Methods

  1. Top of page
  2. Abstract
  3. Introduction
  4. Methods
  5. Results
  6. Discussion
  7. Acknowledgements
  8. Appendix
  9. References

At the Fetal Medicine Centre, London, screening for trisomy 21 is carried out by a combination of maternal age, fetal NT thickness and maternal serum pregnancy-associated plasma protein-A (PAPP-A) and free β-human chorionic gonadotropin (β-hCG) in a one-stop-clinic for first-trimester assessment of risk (OSCAR) at 11 to 13 + 6 weeks of gestation4. Transabdominal ultrasound examination is performed to diagnose any major fetal defects and for measurement of CRL and fetal NT thickness1. The Kryptor system (Brahms AG, Berlin, Germany) is used to measure PAPP-A and free β-hCG. Maternal demographic characteristics, ultrasononographic measurements and biochemical results are recorded in a computer database, and karyotype results and details on pregnancy outcomes are added into the database as soon as they become available.

A search of the database was done to identify all singleton pregnancies in which first-trimester screening by fetal NT, PAPP-A and free β-hCG was carried out from July 1999 to July 2005. In this study we examine the distribution of NT in chromosomally abnormal fetuses and in unaffected pregnancies.

Statistical analysis

Distribution of logMoM (NT) and delta NT

The adequacy of the MoM approach was assessed firstly by examining non-parametric centile curves to show how the distribution of log(NT) changes with CRL, and secondly by examining Gaussian probability plots of logMoM (NT), stratified by gestational age, to determine whether there are departures from the assumed Gaussian form; throughout this paper logs are to base 10.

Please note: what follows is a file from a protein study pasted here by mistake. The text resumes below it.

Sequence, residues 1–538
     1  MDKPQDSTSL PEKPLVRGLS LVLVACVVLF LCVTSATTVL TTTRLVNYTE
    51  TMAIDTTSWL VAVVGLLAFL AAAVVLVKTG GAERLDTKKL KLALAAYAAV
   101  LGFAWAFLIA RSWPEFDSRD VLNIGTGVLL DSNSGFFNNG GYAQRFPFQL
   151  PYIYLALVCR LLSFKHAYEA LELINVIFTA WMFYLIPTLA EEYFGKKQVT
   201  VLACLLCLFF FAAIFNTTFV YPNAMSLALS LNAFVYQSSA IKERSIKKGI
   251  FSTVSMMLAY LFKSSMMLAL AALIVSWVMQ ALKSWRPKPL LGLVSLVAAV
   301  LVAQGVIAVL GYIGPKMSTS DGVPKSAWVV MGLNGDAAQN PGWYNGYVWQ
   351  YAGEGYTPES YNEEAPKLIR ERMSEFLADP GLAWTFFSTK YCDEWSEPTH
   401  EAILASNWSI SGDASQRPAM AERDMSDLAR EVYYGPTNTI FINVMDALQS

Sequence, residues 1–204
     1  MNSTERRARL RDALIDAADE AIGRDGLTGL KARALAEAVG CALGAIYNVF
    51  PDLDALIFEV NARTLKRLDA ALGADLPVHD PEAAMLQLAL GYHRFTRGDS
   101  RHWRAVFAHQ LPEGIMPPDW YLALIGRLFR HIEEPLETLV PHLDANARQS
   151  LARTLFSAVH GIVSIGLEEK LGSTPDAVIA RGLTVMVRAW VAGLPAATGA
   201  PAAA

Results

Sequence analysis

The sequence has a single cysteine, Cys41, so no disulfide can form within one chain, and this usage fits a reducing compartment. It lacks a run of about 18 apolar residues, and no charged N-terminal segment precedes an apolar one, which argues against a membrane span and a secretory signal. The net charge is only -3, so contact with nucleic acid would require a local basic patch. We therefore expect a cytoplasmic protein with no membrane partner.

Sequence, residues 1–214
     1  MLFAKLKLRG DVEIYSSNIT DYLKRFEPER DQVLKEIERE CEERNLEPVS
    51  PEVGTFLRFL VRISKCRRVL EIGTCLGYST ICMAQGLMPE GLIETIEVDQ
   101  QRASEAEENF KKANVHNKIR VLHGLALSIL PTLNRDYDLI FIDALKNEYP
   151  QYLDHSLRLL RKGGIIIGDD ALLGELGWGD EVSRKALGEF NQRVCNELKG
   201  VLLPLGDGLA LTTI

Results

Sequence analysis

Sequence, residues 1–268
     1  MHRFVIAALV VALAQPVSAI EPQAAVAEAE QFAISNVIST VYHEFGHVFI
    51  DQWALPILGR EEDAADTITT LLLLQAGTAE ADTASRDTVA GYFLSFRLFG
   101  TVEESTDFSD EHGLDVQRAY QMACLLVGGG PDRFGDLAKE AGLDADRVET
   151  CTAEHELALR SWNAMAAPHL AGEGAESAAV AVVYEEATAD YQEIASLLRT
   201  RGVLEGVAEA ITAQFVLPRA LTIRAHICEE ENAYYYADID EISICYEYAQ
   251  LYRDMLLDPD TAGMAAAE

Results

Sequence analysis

The delta NT approach does not assume a Gaussian distribution, but it is implicit in this approach that the CRL-specific centile curves in the trisomy 21 and unaffected pregnancies should be parallel. We assessed the adequacy of this method by examining non-parametric centile curves for NT by CRL.

Two-component mixture model

In the unaffected pregnancies it was assumed that log(NT) arises from a mixture of two Gaussian distributions: firstly, a proportion (1−p) in which there is a quadratic relationship between mean log(NT) (μo) and CRL (μ0 = β0 + (β1 × CRL) + (β2 × CRL2)) with an SD that is constant (σ0), and secondly, a proportion (p) in which NT is CRL-independent with a mean of μ1 and SD of σ1.

In each chromosomally abnormal pregnancy (trisomies 21, 18 and 13 and Turner syndrome) it was assumed that log(NT) also arises from a mixture of two Gaussian distributions: firstly, a proportion (1−pabnormal) with the same CRL-dependent distribution as in unaffected pregnancies, and secondly, a chromosomal abnormality-specific proportion (pabnormal) in which NT is CRL-independent with a mean log(NT) of μabnormal and SD of σabnormal. The proportions pabnormal defining the mixture, and the mean and standard deviation of the CRL-independent component differ according to abnormality (trisomies 21, 18 and 13 and Turner syndrome).

For unaffected pregnancies the CRL-dependent component dominates and p is close to 0, while for the chromosomal abnormalities the CRL-dependent component is uncommon and p is close to 1. Allowing p in unaffected pregnancies to depend on CRL, according to a logistic regression model, improves the fit of the model and has a clinically meaningful interpretation that we shall discuss. In this model p = 1/(1 + exp(−α0—α1CRL)).

To complete the model we assumed that variation between operators is represented by random effects acting additively on log(NT) with mean 0 and standard deviation σop. The degree of heterogeneity between operators is reflected in the magnitude of σop. The mixture model was fitted within a Bayesian framework using Markov chain Monte Carlo (MCMC) implemented in WinBUGS5. Copies of the WinBUGS model specification are available on request from the authors.

Assessment of screening performance